About the

LEAP Initiative

LEAP is an acronym for Limitless Exploration/Advanced Pace. A state-supported program, LEAP is designed to establish and create large (1,000-acre+) tracts of land, often called “mega-sites,” and make them shovel-ready for development. 

The IEDC believes the creation of LEAP mega-sites will help the State of Indiana compete for the ample corporate investment opportunities that require such sites. The first LEAP site under development, designated as the LEAP Lebanon project site, is just south of Greater Lafayette along I-65 in Lebanon, Indiana.

About the

Proposed Pipeline

To address the anticipated water needed for LEAP Lebanon and many prospective projects requiring a mega-site, the IEDC began investigating the Wabash River alluvial aquifer system, just west of Lafayette, as a potential water source. Initial test wells were drilled, and engineering feasibility studies took place to study the possible paths and costs associated with building a 45-mile pipeline from Tippecanoe County’s Wabash River aquifers to the LEAP Lebanon project site.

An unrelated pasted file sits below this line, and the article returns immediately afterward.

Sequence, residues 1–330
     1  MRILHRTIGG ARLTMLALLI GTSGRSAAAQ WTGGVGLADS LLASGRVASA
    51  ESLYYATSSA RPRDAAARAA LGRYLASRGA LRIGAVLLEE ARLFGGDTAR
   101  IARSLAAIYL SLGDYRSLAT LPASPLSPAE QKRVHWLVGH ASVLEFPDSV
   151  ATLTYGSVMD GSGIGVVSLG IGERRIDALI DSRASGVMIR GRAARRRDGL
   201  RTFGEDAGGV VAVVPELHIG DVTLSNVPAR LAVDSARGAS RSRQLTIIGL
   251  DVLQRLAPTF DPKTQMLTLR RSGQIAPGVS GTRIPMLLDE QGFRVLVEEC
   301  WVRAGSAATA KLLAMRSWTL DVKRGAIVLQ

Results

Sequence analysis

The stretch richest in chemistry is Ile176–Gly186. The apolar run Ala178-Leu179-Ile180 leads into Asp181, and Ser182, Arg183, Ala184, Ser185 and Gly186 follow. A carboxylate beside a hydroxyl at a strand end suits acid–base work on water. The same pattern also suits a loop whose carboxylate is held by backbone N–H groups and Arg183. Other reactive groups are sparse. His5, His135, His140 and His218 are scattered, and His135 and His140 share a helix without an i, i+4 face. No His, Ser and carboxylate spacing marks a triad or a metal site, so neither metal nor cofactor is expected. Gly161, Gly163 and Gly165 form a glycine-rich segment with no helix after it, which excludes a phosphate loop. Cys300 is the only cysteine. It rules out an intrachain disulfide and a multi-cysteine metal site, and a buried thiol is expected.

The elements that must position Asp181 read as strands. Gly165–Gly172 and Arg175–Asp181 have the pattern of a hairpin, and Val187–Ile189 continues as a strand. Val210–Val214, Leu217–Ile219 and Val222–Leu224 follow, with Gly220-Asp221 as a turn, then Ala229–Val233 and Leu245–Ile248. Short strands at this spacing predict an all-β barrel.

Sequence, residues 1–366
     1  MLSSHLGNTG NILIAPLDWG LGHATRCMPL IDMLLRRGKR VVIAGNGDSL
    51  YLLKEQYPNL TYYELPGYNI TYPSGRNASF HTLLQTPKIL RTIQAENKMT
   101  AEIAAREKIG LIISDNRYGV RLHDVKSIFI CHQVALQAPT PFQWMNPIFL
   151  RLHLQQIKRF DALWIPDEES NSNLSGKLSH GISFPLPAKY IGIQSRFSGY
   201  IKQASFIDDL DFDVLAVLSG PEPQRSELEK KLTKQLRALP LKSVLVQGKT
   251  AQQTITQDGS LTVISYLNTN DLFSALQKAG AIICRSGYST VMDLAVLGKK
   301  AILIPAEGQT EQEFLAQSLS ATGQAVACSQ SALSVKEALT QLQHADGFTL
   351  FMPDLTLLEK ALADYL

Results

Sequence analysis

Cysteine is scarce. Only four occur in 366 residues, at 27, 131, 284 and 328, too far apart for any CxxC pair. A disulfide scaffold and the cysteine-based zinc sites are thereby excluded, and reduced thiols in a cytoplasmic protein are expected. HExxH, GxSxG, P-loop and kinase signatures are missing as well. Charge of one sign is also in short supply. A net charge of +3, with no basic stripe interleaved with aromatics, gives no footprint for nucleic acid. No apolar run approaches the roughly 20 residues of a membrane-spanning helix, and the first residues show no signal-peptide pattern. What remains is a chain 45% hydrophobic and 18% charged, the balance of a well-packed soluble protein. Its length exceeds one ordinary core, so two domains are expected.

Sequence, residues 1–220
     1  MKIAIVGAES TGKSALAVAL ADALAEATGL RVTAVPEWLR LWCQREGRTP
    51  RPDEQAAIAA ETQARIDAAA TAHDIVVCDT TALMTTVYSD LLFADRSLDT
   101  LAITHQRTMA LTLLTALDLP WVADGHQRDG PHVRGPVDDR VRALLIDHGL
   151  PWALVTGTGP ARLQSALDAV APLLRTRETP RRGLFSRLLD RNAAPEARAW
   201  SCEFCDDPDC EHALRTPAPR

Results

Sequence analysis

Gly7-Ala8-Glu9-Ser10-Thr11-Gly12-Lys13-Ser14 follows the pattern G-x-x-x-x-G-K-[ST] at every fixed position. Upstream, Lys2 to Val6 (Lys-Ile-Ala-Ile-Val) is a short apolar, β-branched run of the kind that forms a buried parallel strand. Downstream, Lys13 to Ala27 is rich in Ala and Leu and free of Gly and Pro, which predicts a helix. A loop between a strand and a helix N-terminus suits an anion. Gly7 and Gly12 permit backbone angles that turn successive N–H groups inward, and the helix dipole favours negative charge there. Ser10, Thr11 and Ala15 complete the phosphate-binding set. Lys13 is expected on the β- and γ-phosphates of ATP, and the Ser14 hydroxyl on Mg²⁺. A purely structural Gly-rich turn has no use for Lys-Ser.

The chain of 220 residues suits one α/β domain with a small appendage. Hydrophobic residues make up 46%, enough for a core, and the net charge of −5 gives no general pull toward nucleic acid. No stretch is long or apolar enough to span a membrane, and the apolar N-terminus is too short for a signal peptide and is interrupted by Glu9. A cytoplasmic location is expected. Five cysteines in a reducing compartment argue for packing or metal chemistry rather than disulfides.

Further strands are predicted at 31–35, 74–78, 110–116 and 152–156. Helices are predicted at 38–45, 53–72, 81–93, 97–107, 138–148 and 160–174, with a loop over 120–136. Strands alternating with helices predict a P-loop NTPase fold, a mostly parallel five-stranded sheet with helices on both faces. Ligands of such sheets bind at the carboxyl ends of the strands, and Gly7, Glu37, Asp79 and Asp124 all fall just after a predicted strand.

Governor Holcomb halted the initial IEDC-funded studies in November of 2023, and the responsibility for more significant and broader-ranging water studies has been assigned to the Indiana Finance Authority (IFA), which has experience producing such studies in other parts of the state.

Our Position

The WSC takes a protective stance on all proposed projects and policies until the long-term impacts on our community’s environment and economy are known and research-informed decisions can be made.

Wabash River going under bridge

Frequently Asked Questions

Glossary of Commonly Used Terms

Alluvial Aquifer

A relatively shallow aquifer comprising unconsolidated material deposited by water (clay, silt, sand, gravel), typically occurring adjacent to rivers and in buried paleochannels.

Right-of-way (ROW)

The legal right to pass through or use a specific strip of land for the construction and maintenance of infrastructure.


A geographic area of land where all surface water drains to a common outlet, such as a river, lake, or ocean. It includes the surrounding land and the network of rivers, streams, and water bodies within it.